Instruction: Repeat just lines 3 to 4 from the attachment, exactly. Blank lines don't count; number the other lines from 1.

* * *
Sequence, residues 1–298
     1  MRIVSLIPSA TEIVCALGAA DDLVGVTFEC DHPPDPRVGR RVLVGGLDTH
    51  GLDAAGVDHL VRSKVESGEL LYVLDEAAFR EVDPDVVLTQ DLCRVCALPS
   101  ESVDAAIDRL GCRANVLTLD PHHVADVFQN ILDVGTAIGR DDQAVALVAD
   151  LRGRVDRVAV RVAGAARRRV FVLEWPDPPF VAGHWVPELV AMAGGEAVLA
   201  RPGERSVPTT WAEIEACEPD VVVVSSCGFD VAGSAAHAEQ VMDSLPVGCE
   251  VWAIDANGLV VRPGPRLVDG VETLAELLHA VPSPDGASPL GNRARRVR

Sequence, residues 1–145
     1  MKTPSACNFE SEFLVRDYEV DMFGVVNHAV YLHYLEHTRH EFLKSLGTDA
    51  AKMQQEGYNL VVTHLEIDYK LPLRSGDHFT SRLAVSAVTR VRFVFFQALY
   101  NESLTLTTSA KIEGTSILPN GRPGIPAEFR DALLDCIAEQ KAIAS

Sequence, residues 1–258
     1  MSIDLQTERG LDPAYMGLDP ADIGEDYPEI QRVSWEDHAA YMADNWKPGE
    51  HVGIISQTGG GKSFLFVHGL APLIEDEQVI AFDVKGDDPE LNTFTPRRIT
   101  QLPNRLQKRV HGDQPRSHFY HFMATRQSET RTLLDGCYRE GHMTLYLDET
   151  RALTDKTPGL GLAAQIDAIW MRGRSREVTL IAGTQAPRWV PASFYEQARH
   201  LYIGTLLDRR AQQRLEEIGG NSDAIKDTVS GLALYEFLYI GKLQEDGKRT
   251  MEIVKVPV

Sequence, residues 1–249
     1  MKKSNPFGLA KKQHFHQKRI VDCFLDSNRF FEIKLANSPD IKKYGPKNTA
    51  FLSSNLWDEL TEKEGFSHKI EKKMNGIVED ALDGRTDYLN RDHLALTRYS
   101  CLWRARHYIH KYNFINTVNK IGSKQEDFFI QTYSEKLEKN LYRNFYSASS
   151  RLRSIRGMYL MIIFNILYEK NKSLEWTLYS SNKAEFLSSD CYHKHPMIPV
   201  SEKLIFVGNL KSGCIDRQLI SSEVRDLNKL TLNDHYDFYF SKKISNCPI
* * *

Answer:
    51  GLDAAGVDHL VRSKVESGEL LYVLDEAAFR EVDPDVVLTQ DLCRVCALPS
   101  ESVDAAIDRL GCRANVLTLD PHHVADVFQN ILDVGTAIGR DDQAVALVAD